In essence, welfare programs often undermine the role of the father in the home. The welfare culture tells recipients that the father is not necessary to the family; the breadwinner is a welfare check. But an ethereal state figure cannot provide authority and love that helps build proper character that keeps adolescents out of crime.

The welfare mentality has also eroded basic individual responsibility for things like planning for the future and determining how you will put food on your own table once you retire. Before big government welfare programs and the mandated Social Security tax, “social security” meant family, a good work ethic and responsible planning. If an aging parent could no longer work, his children would provide for his needs. Family came together to take care of Mom and Dad. Elderly parents weren’t left for the state to pay for. If someone slipped through the cracks, these real needs were taken care of by charitable organizations and churches. (Again, the biblical economic model does have a system of welfare to provide for the truly needy.)

With Social Security, because the government has plundered the Social Security fund to finance its spending, the younger generation is taxed, effectively, to pay today’s retirees. It is a similar situation with Medicare and other government-sponsored programs. Aging parents don’t need kids—the state takes care of them. And kids don’t want to care for parents because it is cheaper and easier to foist them on the state—which is actually the taxpayers.

The problems with welfare in America are even worse in Britain. Commenting on that system, Melanie Phillips wrote, “It is the welfare state which, more than anything else, has created a culture of incivility, irresponsibility, family breakdown and disorder .… Yet no politician, even Conservative ones, will go near this subject. For all the windy rhetoric about irresponsibility and state interference, the root cause of these problems—the welfare state—remains a political untouchable” (Daily Mail, April 26).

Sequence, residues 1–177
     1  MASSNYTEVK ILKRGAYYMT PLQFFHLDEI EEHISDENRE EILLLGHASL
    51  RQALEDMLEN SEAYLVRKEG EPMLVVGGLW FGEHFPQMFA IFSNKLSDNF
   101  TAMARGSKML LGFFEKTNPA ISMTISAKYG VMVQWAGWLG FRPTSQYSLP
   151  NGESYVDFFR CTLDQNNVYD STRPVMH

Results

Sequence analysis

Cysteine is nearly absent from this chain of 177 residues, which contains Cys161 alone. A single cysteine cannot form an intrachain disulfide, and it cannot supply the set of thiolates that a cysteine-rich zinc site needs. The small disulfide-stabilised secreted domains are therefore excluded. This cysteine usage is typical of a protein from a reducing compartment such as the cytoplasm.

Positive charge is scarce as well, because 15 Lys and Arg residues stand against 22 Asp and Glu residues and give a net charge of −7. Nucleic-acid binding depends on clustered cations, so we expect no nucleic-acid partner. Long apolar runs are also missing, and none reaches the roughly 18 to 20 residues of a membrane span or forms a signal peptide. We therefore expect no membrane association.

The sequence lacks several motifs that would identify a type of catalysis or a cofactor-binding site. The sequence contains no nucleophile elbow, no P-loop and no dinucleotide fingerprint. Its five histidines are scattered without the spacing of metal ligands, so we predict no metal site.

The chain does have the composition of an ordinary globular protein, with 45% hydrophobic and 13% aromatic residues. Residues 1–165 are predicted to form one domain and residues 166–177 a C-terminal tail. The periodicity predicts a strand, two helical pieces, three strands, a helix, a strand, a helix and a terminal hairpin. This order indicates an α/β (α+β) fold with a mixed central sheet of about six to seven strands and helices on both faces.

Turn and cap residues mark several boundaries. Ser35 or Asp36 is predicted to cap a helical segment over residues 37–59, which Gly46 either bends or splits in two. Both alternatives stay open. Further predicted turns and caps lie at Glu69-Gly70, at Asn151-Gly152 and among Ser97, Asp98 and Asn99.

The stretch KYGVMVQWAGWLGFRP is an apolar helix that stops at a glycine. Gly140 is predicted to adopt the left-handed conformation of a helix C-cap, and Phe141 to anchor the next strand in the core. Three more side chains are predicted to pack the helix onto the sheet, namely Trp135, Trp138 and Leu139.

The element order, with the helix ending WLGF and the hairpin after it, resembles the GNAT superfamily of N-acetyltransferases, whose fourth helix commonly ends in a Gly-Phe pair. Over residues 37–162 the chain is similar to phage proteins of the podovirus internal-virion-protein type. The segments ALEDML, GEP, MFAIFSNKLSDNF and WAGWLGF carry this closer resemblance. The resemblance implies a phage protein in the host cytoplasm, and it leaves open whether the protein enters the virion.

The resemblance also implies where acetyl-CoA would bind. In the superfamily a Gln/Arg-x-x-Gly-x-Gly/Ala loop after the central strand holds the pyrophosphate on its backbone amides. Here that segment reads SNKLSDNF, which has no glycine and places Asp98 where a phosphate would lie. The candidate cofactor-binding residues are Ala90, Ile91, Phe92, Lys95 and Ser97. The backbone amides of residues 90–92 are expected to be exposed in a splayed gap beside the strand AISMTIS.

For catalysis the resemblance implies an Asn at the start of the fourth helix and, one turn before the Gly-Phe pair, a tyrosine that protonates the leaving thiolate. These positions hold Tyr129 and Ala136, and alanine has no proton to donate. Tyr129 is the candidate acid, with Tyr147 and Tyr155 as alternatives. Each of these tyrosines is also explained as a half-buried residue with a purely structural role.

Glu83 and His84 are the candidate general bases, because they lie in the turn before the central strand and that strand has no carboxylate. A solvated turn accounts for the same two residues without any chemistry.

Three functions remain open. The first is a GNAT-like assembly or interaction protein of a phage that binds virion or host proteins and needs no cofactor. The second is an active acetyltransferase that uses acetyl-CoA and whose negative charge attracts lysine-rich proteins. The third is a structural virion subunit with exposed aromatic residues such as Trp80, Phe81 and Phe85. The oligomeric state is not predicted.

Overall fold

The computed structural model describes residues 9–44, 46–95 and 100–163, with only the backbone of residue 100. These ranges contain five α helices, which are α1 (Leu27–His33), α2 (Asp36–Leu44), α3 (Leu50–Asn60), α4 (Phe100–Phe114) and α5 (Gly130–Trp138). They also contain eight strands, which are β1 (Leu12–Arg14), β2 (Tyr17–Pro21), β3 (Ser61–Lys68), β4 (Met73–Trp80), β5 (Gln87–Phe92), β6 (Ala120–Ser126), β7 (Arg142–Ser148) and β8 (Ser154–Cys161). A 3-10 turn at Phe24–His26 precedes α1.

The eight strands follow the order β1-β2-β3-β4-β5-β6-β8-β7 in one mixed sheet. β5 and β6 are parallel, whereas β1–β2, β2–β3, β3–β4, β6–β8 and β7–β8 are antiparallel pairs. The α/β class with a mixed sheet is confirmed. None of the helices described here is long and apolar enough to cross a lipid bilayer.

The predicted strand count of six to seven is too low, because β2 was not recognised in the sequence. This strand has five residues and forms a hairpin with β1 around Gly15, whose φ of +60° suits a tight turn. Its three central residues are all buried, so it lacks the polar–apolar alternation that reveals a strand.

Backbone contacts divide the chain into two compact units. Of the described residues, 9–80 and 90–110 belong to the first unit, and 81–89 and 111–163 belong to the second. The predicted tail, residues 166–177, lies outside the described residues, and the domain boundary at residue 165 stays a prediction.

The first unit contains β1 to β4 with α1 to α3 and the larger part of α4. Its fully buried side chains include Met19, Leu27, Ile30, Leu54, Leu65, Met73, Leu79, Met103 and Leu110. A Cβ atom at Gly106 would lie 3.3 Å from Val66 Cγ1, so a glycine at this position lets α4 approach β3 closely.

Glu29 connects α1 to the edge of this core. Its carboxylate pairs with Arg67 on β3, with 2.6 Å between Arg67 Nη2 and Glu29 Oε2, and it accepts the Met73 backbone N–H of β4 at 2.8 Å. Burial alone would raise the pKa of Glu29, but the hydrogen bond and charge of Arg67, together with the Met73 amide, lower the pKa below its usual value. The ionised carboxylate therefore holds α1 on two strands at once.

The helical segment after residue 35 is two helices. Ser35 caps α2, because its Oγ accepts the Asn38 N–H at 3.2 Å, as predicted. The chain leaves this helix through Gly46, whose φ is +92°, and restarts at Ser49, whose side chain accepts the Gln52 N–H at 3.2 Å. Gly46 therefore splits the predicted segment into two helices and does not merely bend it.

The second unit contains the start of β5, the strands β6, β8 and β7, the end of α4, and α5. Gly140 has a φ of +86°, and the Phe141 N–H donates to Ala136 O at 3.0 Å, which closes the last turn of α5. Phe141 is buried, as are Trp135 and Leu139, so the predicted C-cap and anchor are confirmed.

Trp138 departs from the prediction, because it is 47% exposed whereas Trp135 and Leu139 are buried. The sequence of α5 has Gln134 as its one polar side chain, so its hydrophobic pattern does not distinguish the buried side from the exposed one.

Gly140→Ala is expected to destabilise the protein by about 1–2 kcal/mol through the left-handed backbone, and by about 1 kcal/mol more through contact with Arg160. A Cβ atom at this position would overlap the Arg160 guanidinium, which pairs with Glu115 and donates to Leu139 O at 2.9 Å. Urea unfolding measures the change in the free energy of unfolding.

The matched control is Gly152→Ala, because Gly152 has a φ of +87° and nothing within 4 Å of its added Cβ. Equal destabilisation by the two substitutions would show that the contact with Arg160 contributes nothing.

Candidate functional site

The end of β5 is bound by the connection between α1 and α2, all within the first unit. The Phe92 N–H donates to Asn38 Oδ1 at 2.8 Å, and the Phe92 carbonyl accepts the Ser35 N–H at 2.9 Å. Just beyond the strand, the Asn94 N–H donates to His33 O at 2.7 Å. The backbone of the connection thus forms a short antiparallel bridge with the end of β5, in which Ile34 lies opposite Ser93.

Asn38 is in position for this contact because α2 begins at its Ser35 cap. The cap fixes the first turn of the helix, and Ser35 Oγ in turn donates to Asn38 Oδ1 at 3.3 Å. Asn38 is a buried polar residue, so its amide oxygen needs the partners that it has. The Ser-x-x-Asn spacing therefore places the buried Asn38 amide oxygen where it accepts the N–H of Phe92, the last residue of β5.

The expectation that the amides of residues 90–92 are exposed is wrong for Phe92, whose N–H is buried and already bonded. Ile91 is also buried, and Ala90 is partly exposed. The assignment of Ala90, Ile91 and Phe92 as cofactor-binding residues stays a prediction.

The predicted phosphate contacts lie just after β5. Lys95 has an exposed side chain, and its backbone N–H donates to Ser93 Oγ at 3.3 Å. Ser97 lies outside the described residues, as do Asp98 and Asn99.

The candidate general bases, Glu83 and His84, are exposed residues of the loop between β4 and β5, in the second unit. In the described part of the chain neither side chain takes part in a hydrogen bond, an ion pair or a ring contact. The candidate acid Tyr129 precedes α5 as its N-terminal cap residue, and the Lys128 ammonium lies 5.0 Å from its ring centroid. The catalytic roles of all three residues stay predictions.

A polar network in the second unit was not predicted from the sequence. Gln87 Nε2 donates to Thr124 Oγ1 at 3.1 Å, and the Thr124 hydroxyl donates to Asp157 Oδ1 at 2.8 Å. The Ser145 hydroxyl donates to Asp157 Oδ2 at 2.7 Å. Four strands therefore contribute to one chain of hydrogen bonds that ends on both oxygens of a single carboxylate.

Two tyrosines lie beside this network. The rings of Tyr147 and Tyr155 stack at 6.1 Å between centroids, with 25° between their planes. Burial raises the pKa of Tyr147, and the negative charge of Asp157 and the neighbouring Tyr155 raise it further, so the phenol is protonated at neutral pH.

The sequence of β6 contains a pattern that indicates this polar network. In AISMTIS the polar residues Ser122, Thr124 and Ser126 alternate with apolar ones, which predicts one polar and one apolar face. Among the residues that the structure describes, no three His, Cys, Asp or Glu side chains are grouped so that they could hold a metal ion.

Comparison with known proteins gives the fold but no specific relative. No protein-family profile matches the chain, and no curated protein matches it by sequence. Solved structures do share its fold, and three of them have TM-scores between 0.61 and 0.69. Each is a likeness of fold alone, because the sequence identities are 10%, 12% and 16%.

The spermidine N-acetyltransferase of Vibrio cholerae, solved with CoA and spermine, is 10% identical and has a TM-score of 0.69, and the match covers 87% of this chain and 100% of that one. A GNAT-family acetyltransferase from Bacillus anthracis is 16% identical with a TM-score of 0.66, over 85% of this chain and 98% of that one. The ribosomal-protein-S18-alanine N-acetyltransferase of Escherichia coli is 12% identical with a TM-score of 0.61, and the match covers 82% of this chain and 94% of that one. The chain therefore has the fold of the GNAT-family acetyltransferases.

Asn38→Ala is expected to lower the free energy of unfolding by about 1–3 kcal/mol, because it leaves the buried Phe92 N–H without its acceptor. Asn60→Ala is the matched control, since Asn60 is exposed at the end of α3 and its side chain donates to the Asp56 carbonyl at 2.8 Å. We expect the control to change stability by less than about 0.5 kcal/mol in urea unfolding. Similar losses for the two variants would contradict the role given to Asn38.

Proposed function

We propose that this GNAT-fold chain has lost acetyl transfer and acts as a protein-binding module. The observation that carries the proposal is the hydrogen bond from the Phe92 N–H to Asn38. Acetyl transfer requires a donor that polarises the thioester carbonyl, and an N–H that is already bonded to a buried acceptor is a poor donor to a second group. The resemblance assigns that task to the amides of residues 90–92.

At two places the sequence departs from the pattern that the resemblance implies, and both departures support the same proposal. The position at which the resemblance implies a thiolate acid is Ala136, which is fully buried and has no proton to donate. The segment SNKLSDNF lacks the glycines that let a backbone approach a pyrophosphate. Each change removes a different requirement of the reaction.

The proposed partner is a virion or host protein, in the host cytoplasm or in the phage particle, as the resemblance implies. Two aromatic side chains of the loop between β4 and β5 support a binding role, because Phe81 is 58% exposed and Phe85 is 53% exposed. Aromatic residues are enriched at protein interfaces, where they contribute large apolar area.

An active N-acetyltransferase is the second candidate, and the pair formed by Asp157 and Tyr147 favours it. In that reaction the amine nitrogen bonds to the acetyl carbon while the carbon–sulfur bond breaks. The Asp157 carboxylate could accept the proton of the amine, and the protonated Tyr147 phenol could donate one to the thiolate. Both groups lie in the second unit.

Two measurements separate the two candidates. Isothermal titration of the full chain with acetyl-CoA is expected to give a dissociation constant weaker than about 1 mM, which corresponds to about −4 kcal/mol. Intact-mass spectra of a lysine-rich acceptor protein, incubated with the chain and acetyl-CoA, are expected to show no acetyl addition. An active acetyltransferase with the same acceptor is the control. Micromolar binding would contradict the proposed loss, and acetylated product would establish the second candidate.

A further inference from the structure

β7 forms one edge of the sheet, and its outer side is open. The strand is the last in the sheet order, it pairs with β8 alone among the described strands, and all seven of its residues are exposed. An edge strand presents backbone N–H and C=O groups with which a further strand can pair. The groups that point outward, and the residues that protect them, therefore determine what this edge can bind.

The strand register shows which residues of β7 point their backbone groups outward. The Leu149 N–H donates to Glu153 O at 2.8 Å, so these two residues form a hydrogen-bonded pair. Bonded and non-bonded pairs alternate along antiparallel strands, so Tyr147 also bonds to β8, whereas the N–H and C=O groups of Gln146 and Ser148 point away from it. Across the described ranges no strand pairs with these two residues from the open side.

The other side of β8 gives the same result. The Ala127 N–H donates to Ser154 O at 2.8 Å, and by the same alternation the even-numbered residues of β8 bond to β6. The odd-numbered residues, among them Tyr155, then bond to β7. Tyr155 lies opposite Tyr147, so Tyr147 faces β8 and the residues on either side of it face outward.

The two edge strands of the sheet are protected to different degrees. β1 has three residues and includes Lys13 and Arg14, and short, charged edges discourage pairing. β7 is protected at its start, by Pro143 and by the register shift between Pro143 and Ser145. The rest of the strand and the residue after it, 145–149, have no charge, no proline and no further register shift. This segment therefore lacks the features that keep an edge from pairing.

Man’s Solutions Inept

Welfare and big government are untouchable issues because politicians are more worried about their own party interests than those of the nation or the people they are supposed to serve.

That is why democracy is doomed to fail. Voters just don’t seem to realize that you can’t get something from nothing no matter how much politicians might like you to believe otherwise. Eventually, all government-promised benefits must be paid for. And as they are, the tax burden will steadily grow, and more people will experience financial hardship. If history stays true, voters will be only too happy to elect the next politician promising the quick fix of additional government programs. How those programs are to be paid for and their social consequences will be lost in the euphoria.

Any nation that succumbs to this trap will continue to experience the effects of big government and oppressive taxes that Samuel warned about in 1 Samuel 8. God says He will let that nation suffer the consequences of rejecting His rule. “And ye shall cry out in that day because of your king which ye shall have chosen you; and the Lord will not hear you in that day” (verse 18).

God is letting America and the world in general get sick and tired of man’s rule, but He has a purpose. After enough punishment, the world will then be ready for God’s government in the soon-coming World Tomorrow.

The future will be very different from today.